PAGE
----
In 2005, after suffering decades of death and disease from exposure to uranium, the Navajo Nation banned uranium mining and processing on Navajo lands. Before the Navajo enacted the ban, Hydro Resources, a uranium mining company, attempted to mine its land in New Mexico, which borders land held in trust by the United States for the Navajo. Hydro Resources proposed to mine this land by injecting chemicals into an underground aquifer that the Navajo use as a drinking water source. Due to the impact on the aquifer, Hydro Resources needed a permit from the proper authority. The EPA grants these permits for mines on “Indian lands,” and the State of New Mexico grants them for other mines in New Mexico. At issue, therefore, was whether Hydro Resources’ land constituted “Indian land.”
Hydro Resources, Inc. v. U.S. EPA correctly applied Supreme Court precedent to hold that Hydro Resources’ land did not constitute a “dependent Indian communit[y]” under 18 U.S.C. 1151(b). However, the holding ignores the word “communities” in the statute, thereby contradicting the legislative intent of avoiding checkerboard jurisdiction and encroaching upon tribal sovereignty. Worse, the holding may result in more tangible impacts on the Navajo people.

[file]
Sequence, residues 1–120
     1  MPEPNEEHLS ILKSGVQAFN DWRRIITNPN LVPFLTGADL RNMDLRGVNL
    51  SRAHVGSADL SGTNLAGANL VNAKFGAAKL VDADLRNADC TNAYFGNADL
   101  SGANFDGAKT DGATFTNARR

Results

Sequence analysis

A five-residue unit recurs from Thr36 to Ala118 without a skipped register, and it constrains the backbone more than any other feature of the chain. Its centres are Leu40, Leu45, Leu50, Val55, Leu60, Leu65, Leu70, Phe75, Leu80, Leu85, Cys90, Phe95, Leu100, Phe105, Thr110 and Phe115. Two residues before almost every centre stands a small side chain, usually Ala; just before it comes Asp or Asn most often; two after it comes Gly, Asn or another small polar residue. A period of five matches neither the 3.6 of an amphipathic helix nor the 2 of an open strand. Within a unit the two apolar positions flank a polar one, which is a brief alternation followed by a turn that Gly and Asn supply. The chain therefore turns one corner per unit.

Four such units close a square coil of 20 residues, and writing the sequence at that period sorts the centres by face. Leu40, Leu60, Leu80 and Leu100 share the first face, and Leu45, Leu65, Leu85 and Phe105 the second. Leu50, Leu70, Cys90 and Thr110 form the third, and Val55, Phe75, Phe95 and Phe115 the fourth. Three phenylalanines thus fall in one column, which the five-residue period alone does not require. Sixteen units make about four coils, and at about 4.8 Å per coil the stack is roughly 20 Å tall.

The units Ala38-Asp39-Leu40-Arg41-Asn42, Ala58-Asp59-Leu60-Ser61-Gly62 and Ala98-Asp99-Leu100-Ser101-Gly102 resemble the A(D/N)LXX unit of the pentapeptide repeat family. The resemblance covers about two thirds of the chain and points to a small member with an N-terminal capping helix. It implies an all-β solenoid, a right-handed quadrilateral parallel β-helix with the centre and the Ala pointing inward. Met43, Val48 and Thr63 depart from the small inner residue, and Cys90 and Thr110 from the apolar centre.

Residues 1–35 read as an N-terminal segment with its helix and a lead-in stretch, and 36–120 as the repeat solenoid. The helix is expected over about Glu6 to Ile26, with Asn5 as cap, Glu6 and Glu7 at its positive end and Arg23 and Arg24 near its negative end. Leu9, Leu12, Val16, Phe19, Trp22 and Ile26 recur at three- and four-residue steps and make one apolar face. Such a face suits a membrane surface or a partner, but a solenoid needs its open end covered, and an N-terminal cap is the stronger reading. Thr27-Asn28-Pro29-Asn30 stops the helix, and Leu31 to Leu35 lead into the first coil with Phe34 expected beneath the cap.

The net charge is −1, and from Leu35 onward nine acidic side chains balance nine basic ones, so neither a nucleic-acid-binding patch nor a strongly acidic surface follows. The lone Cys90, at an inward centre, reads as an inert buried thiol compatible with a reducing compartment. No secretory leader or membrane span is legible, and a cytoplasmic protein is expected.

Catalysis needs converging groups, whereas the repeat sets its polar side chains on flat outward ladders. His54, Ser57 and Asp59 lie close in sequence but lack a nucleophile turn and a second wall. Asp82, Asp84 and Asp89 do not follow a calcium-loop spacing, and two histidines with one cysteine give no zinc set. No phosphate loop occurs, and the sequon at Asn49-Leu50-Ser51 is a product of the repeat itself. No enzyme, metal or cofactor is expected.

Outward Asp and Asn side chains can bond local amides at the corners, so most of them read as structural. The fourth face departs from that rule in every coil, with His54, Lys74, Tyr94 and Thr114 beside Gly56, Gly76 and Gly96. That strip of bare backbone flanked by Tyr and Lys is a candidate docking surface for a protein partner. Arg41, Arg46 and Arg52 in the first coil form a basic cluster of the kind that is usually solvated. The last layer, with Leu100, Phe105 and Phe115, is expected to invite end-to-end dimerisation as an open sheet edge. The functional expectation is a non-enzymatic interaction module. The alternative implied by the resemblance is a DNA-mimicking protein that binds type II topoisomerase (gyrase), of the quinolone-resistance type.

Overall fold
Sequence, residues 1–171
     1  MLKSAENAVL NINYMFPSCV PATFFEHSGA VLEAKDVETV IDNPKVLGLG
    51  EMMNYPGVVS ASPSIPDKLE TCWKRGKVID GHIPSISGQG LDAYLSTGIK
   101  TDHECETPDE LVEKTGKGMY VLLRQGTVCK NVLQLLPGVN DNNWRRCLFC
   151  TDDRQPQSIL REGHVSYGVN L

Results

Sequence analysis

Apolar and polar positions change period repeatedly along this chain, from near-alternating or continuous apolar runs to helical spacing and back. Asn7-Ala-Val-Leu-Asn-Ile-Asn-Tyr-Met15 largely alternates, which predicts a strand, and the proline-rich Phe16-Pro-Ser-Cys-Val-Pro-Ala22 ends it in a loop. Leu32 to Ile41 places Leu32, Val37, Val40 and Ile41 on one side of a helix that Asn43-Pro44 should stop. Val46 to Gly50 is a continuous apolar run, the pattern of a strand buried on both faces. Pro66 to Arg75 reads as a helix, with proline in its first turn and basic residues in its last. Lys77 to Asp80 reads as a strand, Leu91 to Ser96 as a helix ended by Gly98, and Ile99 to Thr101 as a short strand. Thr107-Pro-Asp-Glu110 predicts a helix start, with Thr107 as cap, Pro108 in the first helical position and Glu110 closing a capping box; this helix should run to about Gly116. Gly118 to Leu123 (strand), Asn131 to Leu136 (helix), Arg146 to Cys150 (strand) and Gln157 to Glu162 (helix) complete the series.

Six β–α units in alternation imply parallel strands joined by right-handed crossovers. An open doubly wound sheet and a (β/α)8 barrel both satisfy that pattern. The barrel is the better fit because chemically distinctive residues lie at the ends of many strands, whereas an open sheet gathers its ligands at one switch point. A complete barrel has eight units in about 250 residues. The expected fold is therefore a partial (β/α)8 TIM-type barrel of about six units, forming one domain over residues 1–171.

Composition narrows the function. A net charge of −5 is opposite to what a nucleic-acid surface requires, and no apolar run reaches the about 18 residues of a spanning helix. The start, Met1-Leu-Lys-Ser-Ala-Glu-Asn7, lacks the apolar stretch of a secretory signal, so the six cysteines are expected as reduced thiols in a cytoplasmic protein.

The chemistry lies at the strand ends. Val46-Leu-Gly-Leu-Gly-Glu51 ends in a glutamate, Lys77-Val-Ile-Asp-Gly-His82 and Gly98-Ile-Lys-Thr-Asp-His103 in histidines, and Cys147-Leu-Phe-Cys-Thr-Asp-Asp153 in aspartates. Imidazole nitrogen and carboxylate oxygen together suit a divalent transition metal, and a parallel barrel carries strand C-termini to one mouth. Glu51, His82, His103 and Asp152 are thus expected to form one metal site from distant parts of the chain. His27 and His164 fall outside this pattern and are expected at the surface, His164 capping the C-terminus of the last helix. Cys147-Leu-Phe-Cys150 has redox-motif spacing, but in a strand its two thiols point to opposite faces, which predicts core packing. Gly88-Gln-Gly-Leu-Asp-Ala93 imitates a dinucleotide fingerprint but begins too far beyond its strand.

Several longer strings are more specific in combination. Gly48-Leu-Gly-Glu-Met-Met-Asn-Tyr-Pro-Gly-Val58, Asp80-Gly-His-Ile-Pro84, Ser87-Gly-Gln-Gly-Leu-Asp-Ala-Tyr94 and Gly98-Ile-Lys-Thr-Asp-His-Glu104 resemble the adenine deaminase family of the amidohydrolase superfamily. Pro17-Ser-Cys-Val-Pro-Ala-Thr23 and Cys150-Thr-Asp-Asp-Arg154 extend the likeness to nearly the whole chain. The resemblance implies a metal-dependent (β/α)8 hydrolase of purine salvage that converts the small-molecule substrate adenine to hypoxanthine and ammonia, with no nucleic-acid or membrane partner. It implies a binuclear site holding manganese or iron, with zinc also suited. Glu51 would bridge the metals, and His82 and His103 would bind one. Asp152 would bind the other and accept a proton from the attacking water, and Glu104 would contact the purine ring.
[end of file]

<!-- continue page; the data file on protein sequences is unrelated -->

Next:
As a result of the Hydro Resources decision, the State of New Mexico—neither the Navajo nor the EPA—has the authority to grant the Hydro Resources mining permit. To receive the permit, Hydro Resources will have to show that, once its mining operations are complete, it will restore the groundwater’s quality to pre-mining levels or better. Importantly, the Nuclear Regulatory Commission, the agency that regulates the type of uranium mining involved in this case, admitted recently that “restoration to backgroundwater quality . . . has proven to be not practically achievable.” This admission suggests the potential for contamination of a Navajo drinking water source, directly contradicting the Navajo’s purpose for banning uranium mining.
The definition of “Indian lands” should be revised to refer to areas that are occupied or substantially surrounded by tribal lands. Courts should apply a two-part test that analyzes the extent to which the federal government (1) has set aside and (2) controls the particular area. Such a definition would both limit checkerboard jurisdiction and, more importantly, allow tribes to retain the power to control the destiny of their valuable resources.
For further explanation and analysis, see Andrew Brooks, Tribal Sovereignty and Resource Destiny: Hydro Resources, Inc., v. U.S. EPA, 88 Denv. U. L. Rev. __ (forthcoming 2011).